Tourists often pay a rickshaw driver to take them through Asakusa, the old entertainment district surrounding Sens?-ji, one of the city’s most important Buddhist temples. Our advice is to stay on foot, following wafts of sweet, smoky incense down towards the shrine. Alternatively, look out for the free, panda-shaped buses that cut through the district en route to the 634-metre-high Skytree building.

Get a taste for modern Japanese art

Art lovers looking for free things to do in Tokyo will be pleased to hear there’s no cost to mooch around the first-floor gallery of the glass-and-steel Spiral Building, where young Japanese artists exhibit avant-garde collections. In the adjoining café, beer and wine are both cheaper than a cup of coffee.

Prepare for disaster

The Life Safety Learning Center, run by the Tokyo Fire Department, is a free “disaster museum” educating people on what to do when the ground starts shaking. Visitors can learn first aid skills, step inside an earthquake simulator and even try to escape from a smoke-filled building.

Visit the Sumo Museum

With artefacts covering several centuries of sumo’s 2000-year-old history, the free Sumo Museum is located at Tokyo’s Ryogoku Kokugikan stadium, which hosts major tournaments.

Explore Tokyo on two wheels

On Sundays, the Palace Cycling Course lends out 250 bicycles – from mountain bikes to tandems – on a first-come, first-served basis. It’s free, and visitors have until 3pm to explore a designated route running around the outside of the Imperial Palace.

See Tokyo from above

For free, Lost in Translation-style nightscapes, head up to one of the two observation decks at Tokyo Metropolitan Government Building No 1, the tallest skyscraper in Shinjuku.

Take a free guided tour

Staffed by volunteers and designed to help promote intercultural understanding, Tokyo Free Guide gives visitors the chance to take a free tour of the city, guided by a resident. The only thing guests have to cover is the guide’s expenses.

Have you got any top tips for enjoying Tokyo for free – or even on the cheap? Let us know below.

As the Northern Hemisphere is getting colder in November, below the equator things are hotting up as spring gets ready to give way to summer. The cooling temperatures aren’t all bad however, as the temperature in Egypt and India becomes far more bearable, and autumn in South Korea is a sight to behold. Check out these best places to go in November.

 

Surf in Senegal

Quieter than the beaches of Morocco and with more reliable surf, Dakar, on Senegal’s west coast, offers surfers a chance to ride the days away while soaking up sunshine, unique culture, beautiful scenery, fresh seafood and awesome waves – all in one fell swoop. November is the beginning of the winter season, when the waves still start small, but have a larger range (0.5–3m) – good for surfers of all levels. If you want to learn from scratch, improve your skills or just fancy staying somewhere sociable with other surfers, you could try one of the surf camps around Dakar’s northern beaches, or hop over to one of the nearby islands for some bigger waves, such as the tiny NGor Island. Less than a kilometre away from the mainland, NGor is far enough from Dakar for some peace and quiet, but close enough that you can jump on a boat back the city for the evening, if you’re in the mood for something a bit livelier.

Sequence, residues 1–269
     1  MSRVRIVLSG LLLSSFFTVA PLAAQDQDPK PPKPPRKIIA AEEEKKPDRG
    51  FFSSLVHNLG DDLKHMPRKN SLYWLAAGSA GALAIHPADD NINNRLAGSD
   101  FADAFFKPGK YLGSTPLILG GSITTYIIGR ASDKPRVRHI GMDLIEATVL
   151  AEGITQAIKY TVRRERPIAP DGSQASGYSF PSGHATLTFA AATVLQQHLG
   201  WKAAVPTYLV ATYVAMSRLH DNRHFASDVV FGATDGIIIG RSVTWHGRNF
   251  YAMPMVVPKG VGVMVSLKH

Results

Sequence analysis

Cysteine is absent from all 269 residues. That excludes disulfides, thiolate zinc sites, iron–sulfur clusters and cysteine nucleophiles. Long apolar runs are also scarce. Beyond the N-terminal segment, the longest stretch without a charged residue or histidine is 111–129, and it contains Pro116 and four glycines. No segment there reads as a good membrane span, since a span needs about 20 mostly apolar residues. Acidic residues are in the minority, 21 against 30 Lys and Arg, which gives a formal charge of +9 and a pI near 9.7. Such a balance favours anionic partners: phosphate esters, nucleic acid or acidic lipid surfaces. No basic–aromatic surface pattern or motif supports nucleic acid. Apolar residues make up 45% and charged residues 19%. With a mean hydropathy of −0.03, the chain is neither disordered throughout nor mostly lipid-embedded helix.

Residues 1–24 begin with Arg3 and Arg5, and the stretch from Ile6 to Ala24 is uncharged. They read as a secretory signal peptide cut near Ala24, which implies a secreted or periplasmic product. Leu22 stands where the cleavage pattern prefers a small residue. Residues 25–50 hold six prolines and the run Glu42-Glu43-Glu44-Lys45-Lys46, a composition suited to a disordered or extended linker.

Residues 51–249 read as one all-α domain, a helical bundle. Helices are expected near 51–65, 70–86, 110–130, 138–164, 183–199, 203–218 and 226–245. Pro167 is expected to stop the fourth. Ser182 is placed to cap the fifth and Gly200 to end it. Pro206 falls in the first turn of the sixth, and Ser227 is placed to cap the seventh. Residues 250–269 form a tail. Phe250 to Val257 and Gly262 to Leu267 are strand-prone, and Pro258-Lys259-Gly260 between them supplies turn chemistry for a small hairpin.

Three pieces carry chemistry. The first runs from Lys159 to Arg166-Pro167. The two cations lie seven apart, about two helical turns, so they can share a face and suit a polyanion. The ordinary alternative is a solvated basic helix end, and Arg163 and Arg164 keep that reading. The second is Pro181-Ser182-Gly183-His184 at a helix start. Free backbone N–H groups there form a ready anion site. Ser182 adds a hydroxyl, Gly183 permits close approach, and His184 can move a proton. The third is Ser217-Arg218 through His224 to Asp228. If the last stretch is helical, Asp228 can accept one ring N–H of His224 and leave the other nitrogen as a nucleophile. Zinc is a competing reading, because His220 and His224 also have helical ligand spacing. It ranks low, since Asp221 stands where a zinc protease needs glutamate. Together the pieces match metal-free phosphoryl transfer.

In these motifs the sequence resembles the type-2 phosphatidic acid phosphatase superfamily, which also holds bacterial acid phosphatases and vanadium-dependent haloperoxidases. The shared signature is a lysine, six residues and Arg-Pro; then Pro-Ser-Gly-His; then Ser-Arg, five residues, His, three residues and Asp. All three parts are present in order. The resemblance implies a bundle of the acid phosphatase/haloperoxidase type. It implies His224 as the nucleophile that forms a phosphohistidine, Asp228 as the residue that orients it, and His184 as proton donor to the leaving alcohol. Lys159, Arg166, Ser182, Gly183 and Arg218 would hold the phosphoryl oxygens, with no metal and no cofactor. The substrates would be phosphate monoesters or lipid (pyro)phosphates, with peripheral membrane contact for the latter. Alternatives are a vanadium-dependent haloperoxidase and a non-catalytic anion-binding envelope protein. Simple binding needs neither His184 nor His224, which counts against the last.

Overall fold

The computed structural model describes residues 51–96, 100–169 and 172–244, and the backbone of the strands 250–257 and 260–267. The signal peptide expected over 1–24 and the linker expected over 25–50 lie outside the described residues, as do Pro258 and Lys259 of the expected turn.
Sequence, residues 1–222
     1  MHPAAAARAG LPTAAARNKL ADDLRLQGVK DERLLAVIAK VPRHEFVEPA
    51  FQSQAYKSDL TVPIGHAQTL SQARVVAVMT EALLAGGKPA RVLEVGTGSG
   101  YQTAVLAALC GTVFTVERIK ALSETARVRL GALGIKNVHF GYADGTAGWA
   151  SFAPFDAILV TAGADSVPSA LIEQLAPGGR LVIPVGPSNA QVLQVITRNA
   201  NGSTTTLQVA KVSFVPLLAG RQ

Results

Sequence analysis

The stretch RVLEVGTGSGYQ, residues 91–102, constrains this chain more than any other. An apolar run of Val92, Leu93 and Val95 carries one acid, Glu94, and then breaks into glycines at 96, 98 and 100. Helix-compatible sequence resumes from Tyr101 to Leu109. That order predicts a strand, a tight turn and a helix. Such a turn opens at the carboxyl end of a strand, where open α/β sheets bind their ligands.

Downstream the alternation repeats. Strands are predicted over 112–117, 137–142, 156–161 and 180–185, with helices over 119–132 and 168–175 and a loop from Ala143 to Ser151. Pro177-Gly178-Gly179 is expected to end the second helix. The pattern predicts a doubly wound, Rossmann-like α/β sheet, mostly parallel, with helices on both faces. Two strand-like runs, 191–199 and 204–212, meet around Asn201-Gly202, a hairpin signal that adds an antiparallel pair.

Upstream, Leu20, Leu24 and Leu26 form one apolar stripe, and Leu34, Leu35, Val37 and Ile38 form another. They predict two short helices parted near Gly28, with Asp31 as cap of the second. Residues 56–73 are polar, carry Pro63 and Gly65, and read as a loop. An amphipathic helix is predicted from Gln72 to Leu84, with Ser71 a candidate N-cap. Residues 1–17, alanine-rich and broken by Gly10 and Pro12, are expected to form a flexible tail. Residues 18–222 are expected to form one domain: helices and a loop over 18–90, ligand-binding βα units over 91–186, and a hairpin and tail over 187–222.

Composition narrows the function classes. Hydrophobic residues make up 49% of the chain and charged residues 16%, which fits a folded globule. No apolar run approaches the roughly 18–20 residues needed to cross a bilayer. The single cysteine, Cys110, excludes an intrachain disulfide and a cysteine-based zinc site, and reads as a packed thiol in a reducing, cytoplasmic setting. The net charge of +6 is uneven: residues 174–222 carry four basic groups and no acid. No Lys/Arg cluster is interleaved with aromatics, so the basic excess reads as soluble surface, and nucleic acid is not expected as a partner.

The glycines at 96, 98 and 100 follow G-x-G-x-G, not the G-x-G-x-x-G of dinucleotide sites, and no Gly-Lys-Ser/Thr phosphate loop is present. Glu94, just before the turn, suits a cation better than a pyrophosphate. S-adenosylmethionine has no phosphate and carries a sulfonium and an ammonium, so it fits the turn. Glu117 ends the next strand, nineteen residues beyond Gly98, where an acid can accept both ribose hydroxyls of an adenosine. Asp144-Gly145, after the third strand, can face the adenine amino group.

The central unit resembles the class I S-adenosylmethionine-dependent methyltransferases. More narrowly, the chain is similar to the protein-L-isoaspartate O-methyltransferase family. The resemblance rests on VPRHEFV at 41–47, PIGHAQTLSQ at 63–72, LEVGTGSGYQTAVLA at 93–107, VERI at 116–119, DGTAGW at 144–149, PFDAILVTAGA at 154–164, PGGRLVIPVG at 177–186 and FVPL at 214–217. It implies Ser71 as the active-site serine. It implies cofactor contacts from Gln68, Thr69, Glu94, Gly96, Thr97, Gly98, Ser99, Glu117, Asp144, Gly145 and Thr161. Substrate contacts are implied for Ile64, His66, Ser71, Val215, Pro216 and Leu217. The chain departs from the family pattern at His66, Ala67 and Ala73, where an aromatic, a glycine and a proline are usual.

Six epic surfing spots >

Explore a national park in South Korea

Naejangsan National Park, in the mountains of Jeolla-do province, transforms into a burst of fiery colours in the autumn. The foliage – mostly maple trees, but also elm, ash, oak, dogwood and hornbeam, amongst others – flares up into a magnificent scene of crimson, green, yellow, and everything in between. About three hours from Seoul by bus, the park makes for a beautiful day-retreat, with waterfalls and lakes, 1880 different species of wildlife, several pagodas and temples, and an expansive peaked area ­– 76,032 square kilometres – to explore.

Party for Diwali in Jaipur, India

Jaipur, the “Pink City”, is one of the most thrilling places to celebrate Diwali, the annual Hindu festival of lights, which runs November 3–7 this year. The whole city comes out to celebrate, and you’d be hard pushed to find a dark spot on any of the streets, as you bathe in the glow of the seemingly infinite numbers of neon lights dangled over the buildings, and the fireworks exploding over your head. Tuck into some delicious, tooth-wrenching Indian sweets while you’re at it.

Ski in the French Alps

Can’t wait till Christmas? Or fancy getting to grips with some guaranteed snow on a cheap(er) ski pass and quiet slopes? The high-altitude French alpine resorts of Tignes and Les Deux Alpes start their seasons in November. With altitudes of up to 3200m, these are the first resorts to get the winter snows. But if, in these unpredictable days of European weather, that doesn’t work out, you can make your way up to the glaciers, where you can ski to your heart’s content – whatever the weather.

Celebrate Thanksgiving in NYC